Integrative Therapies Can Complement Conventional Cancer Treatments

Patients, physicians and researchers are learning that integrative therapies have a place in cancer care.

Talk about this article with other patients, caregivers, and advocates in the General Discussions CURE discussion group.
This kind of East-meets-West approach to cancer treatment could eventually become the norm. As more research supports the use of certain complementary methods, medical centers across the country are integrating them into everyday practice in both treatment and survivorship, giving rise to one of the newest frontiers in patient care: integrative oncology.

“There’s been a sea change in the way oncology is practiced in major centers,” says Barrie Cassileth, chief of integrative medicine service at Memorial Sloan Kettering Cancer Center in New York, author of the new book Survivorship, and a member of CURE’s advisory board. “The emphasis now in oncology is not only the best possible path to cure, but how can we control the symptoms that result from cancer treatment.”

Some doctors believe that oncology has often suffered from a loss of perspective—an almost singular focus on killing the cancer, while losing sight of patients themselves. Integrative oncology is one means of restoring balance, enabling conventional treatments to remain relentless on the malignancy but as gentle as possible on the patient. Often, that involves acupuncture, massage, yoga and even some lesserknown practices, such as music therapy and the feather touch of reiki.

These practices have long been popular and patients often use them on the side without telling their doctors. Still, experts such as Cassileth say there’s been a philosophical shift: Today doctors not only give nodding acceptance to complementary care but outright encouragement.

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This new approach often surprises patients. When Joan Pouch was undergoing chemotherapy at Penn Medicine’s Abramson Cancer Center in Philadelphia in mid2011, a volunteer asked if she wanted a reiki session. “I said, ‘What is it?’ ” Pouch recalls. Until then, she hadn’t known that treatment for her stage 3 breast tumor would involve anything other than the surgerychemoradiation triple play she anticipated. That day, the volunteer gently placed her hands on Pouch’s arms and head in a practice that promotes balance and stress reduction through touch. Reiki comes from Japanese terms that translate as “universal life force.” While the scientific basis for many of these practices remains unclear, the apparent benefits are starting to attract attention among conventional researchers.

When a routine mammogram revealed Marie Jackson’s breast cancer in February 2013, she set two immediate goals. First, she wanted to spend as much time as she could behind the counter at The Flaky Tart, the Parisian bakery she owns in Atlantic Highlands, N.J. Second, she wanted to use whatever medical science she could to rid herself of the grape-size, aggressive tumor. But when the side effects of treatment started affecting every aspect of her life, she realized she needed to regain control.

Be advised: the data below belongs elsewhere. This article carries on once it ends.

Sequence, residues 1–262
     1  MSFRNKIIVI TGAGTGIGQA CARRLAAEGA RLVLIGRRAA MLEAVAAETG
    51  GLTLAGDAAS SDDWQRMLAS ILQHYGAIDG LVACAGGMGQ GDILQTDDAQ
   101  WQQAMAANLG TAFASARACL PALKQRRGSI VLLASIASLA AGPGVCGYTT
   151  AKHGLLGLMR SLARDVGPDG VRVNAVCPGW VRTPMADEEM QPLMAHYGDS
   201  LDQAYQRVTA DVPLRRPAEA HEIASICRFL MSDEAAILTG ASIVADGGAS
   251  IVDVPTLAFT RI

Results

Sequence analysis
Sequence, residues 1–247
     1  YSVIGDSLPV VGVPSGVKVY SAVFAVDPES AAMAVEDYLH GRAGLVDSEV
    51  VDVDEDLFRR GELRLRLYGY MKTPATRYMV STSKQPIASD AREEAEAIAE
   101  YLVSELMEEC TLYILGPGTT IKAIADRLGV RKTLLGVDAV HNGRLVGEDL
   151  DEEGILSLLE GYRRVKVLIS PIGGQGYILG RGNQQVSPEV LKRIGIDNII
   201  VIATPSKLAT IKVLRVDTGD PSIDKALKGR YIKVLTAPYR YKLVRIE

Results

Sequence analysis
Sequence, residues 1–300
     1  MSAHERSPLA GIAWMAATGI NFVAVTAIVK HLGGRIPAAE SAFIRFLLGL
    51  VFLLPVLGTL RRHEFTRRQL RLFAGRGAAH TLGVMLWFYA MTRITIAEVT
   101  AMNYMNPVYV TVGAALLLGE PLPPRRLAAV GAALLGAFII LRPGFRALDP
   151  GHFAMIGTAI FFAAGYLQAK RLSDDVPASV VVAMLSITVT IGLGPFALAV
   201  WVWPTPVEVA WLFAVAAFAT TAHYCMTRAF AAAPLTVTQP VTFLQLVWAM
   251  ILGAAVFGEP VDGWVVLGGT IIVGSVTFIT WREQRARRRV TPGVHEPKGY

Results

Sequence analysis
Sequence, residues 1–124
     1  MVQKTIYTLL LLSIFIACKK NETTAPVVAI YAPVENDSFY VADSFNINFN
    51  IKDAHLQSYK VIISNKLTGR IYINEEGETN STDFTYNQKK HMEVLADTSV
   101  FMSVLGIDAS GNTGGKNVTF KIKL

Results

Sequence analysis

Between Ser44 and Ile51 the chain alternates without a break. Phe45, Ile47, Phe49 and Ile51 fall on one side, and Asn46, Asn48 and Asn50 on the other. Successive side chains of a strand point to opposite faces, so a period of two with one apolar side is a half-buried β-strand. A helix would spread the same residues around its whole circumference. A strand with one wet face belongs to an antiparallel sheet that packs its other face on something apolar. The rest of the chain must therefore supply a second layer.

Felt like I had food poisoning, a really bad hangover and the flu at the same time,” she says. “I was flat on my back.” Nauseated, worn out and more bedridden than a 47-yearold should be, she was determined to do something about it.

The emphasis now in oncology is not only the best possible path to cure, but how can we control the symptoms that result from cancer treatment?

“It was amazing,” Pouch says. After 15 minutes, she felt her anxiety begin to lift. In its place, she felt an enhanced sense of balance she had not known since receiving her diagnosis.

Not that integrative medicine is always unfamiliar. One of its mainstays is an emphasis on diet and physical activity. Studies have found that patients who exercise during and after treatment and maintain a healthy body weight tend to recover faster, feel stronger and even live longer than their sedentary peers.

“There’s a huge amount of research on the benefits of a healthy diet, physical activity and healthy body weight,” says Heather Greenlee of Columbia University in New York, president of the Society for Integrative Oncology. “Those are some of the best things patients can do to take care of themselves. But a lot of people want quick fixes. Dietary and behavioral change takes time.”

The emphasis on diet and physical activity underscores an important distinction between integrative oncology and alternative medicine. Alternative medicine choices lack scientific validity and are used in place of conventional treatment, says Lorenzo Cohen, director of the integrative medicine program at MD Anderson Cancer Center in Houston and a member of CURE’s advisory board. “Integrative medicine is more of a philosophy of how we treat patients,” he says. It incorporates treatments that have held up under scientific challenges, with a focus largely on improving quality of life.

Talk about this article with other patients, caregivers, and advocates in the General Discussions CURE discussion group.
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